Are Super Contributions Tax Deductible & What Can You Claim?

Making contributions to superannuation provides tax benefits through reduced tax on investment earnings and tax deductions for certain types of contributions.

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Are Super Contributions Tax Deductible?

Super contributions are broken up into two main categories: Concessional contributions and Non-Concessional contributions.

Concessional contributions are tax deductible contributions. The tax deduction is claimed by the contributor.

Non-concessional contributions cannot be claimed as a tax deduction. These types of contributions are sometimes referred to as after-tax contributions.

Related article: What is the Difference Between Concessional and Non-Concessional Contributions?

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Types of Tax Deductible Super Contributions

Concessional (deductible) contributions include employer superannuation guarantee (SG) contributions, salary sacrifice contributions and personal concessional contributions.

Employer SG Contributions

Employer SG contributions are classified concessional contributions because your employer claims a tax deduction for making the contribution into your super account.

Salary Sacrifice Contributions

Salary sacrifice contributions are concessional contributions because your employer claims a tax deduction for contributing the agreed amount into your super account, just like they would if the amount was, instead, paid to you as a wage. Salary sacrificing part of your wage into super reduces your assessable personal income and you effectively receive a tax deduction equal to the amount salary sacrificed.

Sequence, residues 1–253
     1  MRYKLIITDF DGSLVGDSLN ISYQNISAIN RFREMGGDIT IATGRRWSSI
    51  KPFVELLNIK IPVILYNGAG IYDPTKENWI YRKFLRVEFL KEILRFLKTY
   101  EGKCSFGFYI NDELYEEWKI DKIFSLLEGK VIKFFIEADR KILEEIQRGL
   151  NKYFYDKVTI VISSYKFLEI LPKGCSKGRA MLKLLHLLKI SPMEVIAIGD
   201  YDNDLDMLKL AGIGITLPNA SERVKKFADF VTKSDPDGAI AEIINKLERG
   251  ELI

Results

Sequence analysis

Related article: What is Salary Sacrifice?

Personal Concessional Contributions

Personal concessional contributions are concessional contributions because you claim a personal tax deduction when completing your tax return in respect of the contribution made.

Related article: What is Contributions Tax?

How do I Claim a Tax Deduction for Personal Super Contributions?

To claim a tax deduction for personal super contributions, you need to contribute an amount from your personal bank account into super and notify your super fund of your intention to claim a tax deduction. You must receive acknowledgement from your super fund prior to completing your tax return (be mindful not to rollover your super or start a pension beforehand either), otherwise you will be unable to claim a tax deduction. On your tax return, you should declare how much you contributed to super as a deductible contribution.

How Does a Super Contribution Tax Deduction Benefit Me?

A super contribution tax deduction will provide you with a personal tax deduction, which will reduce your assessable income when calculating your personal income tax obligations. For example, if you earn, say, $80,000 in a year and made a deductible super contribution of $10,000 in the same year, then only $70,000 would be assessed for tax, because you received a $10,000 tax deduction for making the contribution.

If you were an employee earning $80,000 for the year and salary sacrificed $10,000 of your wage into super, then your personal income tax would be assessed on only $70,000.

You can see how personal concessional contributions and salary sacrifice super contributions work in the same way.

Maximum Deductible Super Contributions

The maximum amount that can be contributed into super as a deductible contribution is limited by the concessional contribution cap.